A Major Decline in Wagering Revenue Shocks the City of Richmond
People outside of the casino industry prescribe to a number of myths. One myth is a casino is money-making machine that never has to suffer from declining fortunes. The world is full of people who like gambling and enjoy visiting casinos. Hence, revenue streams are always going to flow into casinos and the municipalities that rely on casino tax dollars. While this may sound like the perfect business scenario, no commercial enterprise operates in a perfect manner. The City of Richmond has revealed this sad fact to be true. All the anticipated casino cash the city was hoping for simply is not going to arrive as expected.
The casino world has not collapsed. The City of Richmond will still receive around $8.84 million. The figures are far lower than what was anticipated and needed. Since the original figures expected were conservatively arrived at, the decline really puts a damper on the town’s economic plans.
The River Rock Casino and Resort is the source of the gaming revenues the city hopes to rake in. The town’s budgeting is, likely, based heavily on the aforementioned conservative estimates of what the casino will deliver.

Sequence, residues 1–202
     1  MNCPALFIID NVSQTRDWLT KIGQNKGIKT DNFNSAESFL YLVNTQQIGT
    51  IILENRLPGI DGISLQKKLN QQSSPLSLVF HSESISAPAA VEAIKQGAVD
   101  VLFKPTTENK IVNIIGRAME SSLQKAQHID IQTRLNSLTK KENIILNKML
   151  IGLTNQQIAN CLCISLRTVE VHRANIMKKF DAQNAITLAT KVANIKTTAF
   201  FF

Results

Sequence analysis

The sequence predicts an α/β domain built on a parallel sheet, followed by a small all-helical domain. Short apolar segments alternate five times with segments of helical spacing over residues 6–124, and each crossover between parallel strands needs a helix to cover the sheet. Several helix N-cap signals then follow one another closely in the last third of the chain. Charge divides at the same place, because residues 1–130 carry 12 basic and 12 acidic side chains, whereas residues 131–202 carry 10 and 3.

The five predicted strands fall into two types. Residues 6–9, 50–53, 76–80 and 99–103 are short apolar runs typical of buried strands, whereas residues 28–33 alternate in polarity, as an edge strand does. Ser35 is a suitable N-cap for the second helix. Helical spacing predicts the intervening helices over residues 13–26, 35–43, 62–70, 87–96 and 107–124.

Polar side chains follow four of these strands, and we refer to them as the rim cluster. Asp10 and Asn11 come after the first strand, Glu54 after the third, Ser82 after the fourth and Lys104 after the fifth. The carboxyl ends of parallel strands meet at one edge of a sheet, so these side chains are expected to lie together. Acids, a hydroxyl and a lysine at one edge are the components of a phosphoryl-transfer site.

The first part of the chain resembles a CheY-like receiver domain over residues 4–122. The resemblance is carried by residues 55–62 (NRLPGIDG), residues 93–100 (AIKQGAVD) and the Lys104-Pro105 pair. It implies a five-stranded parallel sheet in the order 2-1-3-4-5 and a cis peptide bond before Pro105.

A sad bit of reality has to creep into the City of Richmond’s projections. There is no way to “conservatively” estimate how much money a particular casino – or any casino – can deliver. Far too many external factors play a role in what can drive a casino’s coffers down. The opening of a competing casino not too far away, an economic downturn, a weak marketing strategy, or any multitude of other things. The gambling industry is many things. Being in a constant state of flux is one of them.
Granted, the City of Richmond should have expected more from the Rock. In 2014, the amount of gaming revenues delivered to the city was roughly $21 million. The next year revenues dropped to around $19.5 million. The city assumed the continued drop would be a bit more. The expectation was to receive around $18 million. The $8.84 million received – a 49% drop below expectations – was a total shock and an unwelcome, costly one at that.
Ironically, the city made estimates were little more than a gamble. Hopefully, the town can absorb the effect of the decreased revenue. Over-budgeting is surely going to cause problems if the city assumed the $18 million was guaranteed.
What is the cause of the decline? Essentially, a decrease in high-limit gambling may be the culprit. Cutting the options for high rollers can have many negative effects. For one, the players may end up not wanting to visit the casino since they cannot wager their preferred amount and, potentially, win their preferred sum. Smaller wagers also mean less money for the casino to collect on losses. Things such as these add up. They added up to be far more than the City of Richmond ever anticipated.